It could also have been done using other methods (to really find out what happens you could use the developer tool in IE9 or FireFox to see what is exchanged between the server and client side).


    Please always mark whatever response solved your issue so that the thread is properly marked as "Answered".

    This is part of the mystery.  There is no default.aspx on the "parent" level.  The parent project is not a "Web Site" type of app.

    Instead, it is a web app.  There is no Default.aspx.  Pictured below are the files that are on the parent level.  Tell me, which one does the page redirection?

    Tuesday, February 19, 2013 1:54 AM
  • At the top of the solution explorer it says

    Solution 'Applications' (1 project)

    That means that you have a solution with a single project.  In your case that single project has the same name as the solution and this is quite common.  The sub-options on the Open menu command do not tell you what type of object you currently have, they just tell you what kinds of thing you can open.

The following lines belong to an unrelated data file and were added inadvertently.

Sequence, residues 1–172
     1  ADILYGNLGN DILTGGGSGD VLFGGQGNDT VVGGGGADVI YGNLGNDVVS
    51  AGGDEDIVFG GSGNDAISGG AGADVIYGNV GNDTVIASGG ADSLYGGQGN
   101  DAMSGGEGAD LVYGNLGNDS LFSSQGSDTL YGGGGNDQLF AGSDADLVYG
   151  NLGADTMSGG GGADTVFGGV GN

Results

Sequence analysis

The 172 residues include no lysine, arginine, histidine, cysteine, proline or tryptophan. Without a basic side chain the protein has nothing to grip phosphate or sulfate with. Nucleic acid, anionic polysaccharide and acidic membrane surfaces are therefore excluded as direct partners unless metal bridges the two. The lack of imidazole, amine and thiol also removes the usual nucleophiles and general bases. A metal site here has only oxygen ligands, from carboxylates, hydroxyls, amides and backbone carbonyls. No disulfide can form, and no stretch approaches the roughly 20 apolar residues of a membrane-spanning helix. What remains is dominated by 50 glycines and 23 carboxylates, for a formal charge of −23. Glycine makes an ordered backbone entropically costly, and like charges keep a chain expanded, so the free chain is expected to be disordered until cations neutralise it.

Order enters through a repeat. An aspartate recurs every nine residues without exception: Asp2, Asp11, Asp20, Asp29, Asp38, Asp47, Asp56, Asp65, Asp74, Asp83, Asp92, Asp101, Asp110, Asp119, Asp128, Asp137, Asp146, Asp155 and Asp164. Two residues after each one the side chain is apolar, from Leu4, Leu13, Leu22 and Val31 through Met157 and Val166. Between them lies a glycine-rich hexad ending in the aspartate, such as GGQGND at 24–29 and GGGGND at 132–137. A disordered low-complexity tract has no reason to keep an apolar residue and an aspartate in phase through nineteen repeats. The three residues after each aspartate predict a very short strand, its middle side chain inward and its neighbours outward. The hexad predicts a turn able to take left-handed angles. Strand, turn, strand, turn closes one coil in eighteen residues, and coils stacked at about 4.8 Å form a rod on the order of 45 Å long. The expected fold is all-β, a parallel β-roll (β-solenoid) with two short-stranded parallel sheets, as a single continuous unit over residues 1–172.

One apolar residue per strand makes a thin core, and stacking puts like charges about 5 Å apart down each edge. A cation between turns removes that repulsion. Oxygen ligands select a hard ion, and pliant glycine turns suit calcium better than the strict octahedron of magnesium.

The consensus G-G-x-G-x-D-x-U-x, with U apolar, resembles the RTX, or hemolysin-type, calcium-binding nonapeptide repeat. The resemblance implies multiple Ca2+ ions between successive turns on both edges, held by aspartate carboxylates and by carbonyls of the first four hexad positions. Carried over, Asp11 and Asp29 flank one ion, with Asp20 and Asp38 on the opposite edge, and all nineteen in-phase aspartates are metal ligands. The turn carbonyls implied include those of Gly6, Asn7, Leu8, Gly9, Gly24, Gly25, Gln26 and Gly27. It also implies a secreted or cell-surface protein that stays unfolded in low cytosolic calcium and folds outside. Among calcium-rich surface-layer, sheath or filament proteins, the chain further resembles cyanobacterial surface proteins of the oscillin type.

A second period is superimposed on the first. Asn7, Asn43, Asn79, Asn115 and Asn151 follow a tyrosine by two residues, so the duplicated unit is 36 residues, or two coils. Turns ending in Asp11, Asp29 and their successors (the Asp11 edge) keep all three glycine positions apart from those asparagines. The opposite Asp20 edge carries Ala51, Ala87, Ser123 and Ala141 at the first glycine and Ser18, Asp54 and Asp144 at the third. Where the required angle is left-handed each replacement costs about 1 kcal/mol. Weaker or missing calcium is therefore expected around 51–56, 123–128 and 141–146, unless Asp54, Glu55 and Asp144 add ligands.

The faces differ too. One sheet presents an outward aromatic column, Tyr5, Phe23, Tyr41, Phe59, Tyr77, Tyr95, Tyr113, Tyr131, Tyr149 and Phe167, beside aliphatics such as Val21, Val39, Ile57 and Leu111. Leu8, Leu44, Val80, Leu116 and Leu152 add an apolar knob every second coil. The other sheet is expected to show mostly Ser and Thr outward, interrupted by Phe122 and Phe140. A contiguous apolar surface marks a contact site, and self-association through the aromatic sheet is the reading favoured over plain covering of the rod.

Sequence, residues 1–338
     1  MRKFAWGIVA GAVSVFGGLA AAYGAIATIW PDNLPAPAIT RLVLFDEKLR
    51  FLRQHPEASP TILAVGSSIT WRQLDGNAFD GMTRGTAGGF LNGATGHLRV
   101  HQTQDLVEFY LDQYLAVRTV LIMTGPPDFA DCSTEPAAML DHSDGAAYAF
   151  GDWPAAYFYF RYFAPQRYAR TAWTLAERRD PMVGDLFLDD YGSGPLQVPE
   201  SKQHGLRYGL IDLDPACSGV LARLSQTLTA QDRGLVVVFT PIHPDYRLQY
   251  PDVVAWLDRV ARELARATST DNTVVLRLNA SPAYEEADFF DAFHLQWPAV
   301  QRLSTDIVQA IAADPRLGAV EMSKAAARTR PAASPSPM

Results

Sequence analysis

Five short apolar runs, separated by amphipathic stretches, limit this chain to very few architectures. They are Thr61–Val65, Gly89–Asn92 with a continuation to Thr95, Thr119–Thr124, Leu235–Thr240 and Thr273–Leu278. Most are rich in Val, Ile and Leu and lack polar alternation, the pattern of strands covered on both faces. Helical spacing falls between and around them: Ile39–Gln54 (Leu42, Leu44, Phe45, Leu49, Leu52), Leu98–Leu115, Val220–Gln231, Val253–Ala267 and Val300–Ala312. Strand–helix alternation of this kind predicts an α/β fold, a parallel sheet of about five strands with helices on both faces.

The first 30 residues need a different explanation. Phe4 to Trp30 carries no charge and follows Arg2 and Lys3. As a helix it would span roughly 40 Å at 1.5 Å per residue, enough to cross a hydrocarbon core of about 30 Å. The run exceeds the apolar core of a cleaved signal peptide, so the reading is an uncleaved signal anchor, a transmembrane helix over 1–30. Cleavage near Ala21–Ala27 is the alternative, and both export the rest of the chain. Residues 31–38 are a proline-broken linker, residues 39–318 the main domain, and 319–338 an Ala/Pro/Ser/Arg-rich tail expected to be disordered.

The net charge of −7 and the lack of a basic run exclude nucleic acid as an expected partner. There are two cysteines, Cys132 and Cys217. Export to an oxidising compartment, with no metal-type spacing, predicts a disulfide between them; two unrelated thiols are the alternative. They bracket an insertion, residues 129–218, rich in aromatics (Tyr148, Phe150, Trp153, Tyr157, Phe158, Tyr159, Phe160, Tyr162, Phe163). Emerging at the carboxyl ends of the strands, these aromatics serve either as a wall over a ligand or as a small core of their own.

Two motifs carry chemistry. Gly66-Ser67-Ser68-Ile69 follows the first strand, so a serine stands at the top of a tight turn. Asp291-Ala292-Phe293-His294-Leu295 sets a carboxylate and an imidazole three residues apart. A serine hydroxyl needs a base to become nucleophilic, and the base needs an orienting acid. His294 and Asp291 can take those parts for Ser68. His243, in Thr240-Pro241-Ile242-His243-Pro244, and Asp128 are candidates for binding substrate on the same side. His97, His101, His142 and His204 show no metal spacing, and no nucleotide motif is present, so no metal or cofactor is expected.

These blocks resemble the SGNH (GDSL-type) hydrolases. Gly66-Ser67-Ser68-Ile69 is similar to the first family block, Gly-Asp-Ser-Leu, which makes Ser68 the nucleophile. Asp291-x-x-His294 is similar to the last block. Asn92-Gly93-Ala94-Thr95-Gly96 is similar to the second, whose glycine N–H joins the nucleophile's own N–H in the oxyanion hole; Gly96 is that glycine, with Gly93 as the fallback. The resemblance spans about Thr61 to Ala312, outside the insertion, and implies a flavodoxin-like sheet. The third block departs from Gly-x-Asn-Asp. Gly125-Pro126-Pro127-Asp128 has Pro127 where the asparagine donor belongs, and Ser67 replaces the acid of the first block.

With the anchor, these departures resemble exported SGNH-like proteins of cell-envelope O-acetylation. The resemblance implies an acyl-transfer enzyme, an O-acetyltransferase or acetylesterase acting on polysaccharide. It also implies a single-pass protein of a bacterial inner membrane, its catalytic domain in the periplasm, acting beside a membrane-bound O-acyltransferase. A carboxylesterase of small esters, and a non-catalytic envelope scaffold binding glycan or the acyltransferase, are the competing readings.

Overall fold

So, 'Graduate' is not a web site project, it is a folder in the 'Applications' project.

    Which page is opened when you visit a web site without specifying a particular page is controlled by the web server (I only know the case of IIS but I imagine that others are the same).  So, if someone browses to www.mySite.com then the server for mySite will have been set with a default page and that is the one that the user will see.

    So, what is the default for your web site?  Once you know that you can have a look at that page in your project and see what it does.


    Paul Linton

    You said "So, 'Graduate' is not a web site project, it is a folder in the 'Applications' project."  This is not so.  I can close this project.  Then I can use the Visual Studio to navagate to the Graduate folder, then open this one as a seperate Web Site project.
    Tuesday, February 19, 2013 1:56 AM